Cancer is something we all fear, so we've gathered nine lifestyle strategies from leading experts to help you protect your body and try to avoid cancer.
If you’ve suffered with and beaten cancer once already, you’d probably do anything to keep it from coming back. This mindset, however, shouldn’t be limited to people who have already experienced this disease — it’s also the smart way to think for those who have not. Check out the following nine lifestyle strategies from leading cancer professionals to keep living a cancer-free life now and hopefully in the future.
The experts at the National Cancer Institute say stress is not something you want to entertain when it comes to your cancer risk. While there’s no strong evidence that stress itself is a direct cause of cancer, it can wreck havoc on your body by causing urinary problems, digestive troubles, fertility problems and a weaker immune system. Stress also plays a part in pushing you toward behaviors that are known to increase your risk of cancer, such as smoking, overeating and drinking—all things you need to stop doing to avoid cancer. Try different stress management techniques such as yoga, meditation, and exercise until you find something you enjoy. An activity you don’t enjoy won’t do much in the stress-relieving department, so be prepared to try multiple things until you hit the jackpot!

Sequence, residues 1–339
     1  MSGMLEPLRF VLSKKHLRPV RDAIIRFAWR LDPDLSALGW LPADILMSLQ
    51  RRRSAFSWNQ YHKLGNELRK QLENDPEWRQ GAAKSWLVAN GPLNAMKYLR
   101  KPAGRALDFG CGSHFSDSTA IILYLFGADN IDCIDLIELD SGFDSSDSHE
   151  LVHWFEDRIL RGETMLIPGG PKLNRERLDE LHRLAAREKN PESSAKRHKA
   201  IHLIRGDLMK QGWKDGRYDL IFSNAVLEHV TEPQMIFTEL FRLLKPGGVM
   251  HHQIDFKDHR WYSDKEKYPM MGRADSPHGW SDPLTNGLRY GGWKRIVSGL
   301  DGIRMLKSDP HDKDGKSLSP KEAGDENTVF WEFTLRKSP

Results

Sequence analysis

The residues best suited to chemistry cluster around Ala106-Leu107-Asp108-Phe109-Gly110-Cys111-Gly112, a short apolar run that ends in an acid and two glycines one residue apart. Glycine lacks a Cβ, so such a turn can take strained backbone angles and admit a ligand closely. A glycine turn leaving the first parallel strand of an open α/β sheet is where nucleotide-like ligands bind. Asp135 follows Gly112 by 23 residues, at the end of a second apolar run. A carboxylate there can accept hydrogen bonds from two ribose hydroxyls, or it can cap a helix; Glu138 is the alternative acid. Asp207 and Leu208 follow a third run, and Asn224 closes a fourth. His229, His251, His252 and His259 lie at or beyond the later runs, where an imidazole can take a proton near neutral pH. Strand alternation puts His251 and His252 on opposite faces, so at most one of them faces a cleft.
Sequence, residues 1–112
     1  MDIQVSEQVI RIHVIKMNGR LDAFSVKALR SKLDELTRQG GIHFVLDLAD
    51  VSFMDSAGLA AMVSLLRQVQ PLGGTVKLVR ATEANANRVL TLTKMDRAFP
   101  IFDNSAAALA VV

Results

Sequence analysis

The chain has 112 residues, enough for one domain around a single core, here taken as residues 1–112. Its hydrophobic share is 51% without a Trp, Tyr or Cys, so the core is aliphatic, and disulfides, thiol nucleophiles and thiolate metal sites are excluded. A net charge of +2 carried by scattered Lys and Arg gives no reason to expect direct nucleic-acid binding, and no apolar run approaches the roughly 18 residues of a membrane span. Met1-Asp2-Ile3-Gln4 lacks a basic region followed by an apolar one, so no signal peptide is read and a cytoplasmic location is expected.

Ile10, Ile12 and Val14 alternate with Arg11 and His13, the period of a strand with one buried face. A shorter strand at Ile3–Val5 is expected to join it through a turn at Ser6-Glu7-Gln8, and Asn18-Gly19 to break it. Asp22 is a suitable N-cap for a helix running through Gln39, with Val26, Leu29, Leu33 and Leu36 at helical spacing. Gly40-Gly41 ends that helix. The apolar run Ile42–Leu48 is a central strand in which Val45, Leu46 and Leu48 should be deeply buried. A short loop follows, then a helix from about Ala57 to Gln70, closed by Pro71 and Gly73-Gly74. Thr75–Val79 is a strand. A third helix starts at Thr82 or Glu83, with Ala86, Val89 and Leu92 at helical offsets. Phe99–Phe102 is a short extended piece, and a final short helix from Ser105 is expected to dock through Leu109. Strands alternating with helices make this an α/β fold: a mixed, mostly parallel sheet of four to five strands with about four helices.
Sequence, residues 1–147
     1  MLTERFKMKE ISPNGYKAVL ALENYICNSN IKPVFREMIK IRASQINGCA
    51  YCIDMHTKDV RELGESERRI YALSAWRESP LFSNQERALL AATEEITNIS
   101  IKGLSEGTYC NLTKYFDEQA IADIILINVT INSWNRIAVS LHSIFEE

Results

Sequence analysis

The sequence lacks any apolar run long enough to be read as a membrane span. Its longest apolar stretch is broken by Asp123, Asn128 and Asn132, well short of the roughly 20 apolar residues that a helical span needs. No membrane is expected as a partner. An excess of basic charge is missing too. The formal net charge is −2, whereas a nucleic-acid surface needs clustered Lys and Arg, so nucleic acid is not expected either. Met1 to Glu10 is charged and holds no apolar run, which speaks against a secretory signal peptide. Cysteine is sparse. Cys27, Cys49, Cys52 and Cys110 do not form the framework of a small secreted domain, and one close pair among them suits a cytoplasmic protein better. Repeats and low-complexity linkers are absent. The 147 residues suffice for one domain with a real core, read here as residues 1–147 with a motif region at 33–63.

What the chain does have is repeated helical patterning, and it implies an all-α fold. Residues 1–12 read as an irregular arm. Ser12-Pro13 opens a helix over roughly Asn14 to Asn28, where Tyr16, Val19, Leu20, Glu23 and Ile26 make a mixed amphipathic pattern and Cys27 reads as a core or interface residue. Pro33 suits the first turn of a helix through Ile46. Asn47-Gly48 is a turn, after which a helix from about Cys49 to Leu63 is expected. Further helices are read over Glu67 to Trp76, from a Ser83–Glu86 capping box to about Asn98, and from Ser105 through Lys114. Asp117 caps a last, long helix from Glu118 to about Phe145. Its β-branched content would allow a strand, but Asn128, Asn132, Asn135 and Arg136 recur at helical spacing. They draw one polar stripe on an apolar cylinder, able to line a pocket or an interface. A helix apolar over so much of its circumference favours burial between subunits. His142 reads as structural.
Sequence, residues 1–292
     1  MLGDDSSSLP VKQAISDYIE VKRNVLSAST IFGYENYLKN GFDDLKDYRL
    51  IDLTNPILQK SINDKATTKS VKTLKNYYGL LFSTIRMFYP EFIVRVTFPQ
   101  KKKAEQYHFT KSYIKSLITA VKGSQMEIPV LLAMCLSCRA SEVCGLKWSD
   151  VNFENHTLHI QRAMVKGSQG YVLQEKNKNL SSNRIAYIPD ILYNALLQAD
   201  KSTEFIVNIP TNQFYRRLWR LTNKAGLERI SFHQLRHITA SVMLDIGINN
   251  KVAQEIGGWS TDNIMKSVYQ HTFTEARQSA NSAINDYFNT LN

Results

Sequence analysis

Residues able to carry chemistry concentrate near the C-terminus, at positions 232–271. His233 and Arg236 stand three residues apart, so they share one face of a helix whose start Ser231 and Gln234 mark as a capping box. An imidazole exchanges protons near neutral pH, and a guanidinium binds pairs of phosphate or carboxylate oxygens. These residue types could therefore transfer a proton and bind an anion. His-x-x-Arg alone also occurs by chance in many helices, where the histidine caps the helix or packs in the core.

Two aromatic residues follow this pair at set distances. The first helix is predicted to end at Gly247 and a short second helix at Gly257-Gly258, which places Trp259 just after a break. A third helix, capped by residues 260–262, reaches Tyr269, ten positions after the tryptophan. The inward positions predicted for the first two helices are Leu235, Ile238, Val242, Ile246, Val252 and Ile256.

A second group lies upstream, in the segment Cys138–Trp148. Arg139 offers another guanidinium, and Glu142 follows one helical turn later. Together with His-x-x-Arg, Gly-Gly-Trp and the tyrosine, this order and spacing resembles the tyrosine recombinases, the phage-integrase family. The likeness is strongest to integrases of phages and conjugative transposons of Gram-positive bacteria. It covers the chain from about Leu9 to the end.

Regular exercise has been shown to help you curb your cancer risk. According to the The Fred Hutchinson Cancer Research Center, an estimated one-third of cancer deaths in the US are related to a sedentary lifestyle and obesity. This figure includes two of the most common types diagnosed in the country, which are breast and colon cancers. With breast cancer, for example, the center says that many studies have shown women who work out have a breast cancer risk that is lower by 30 to 40 percent when compared to their sedentary peers. Numerous studies have documented that both men and women who exercise reduce their colon cancer risk by 20 percent. Work regular exercise into your schedule for at least 30 minutes a day to help avoid cancer. Aim for five to six days a week, with six days being the max so your body gets a break, according to Fit Watch.
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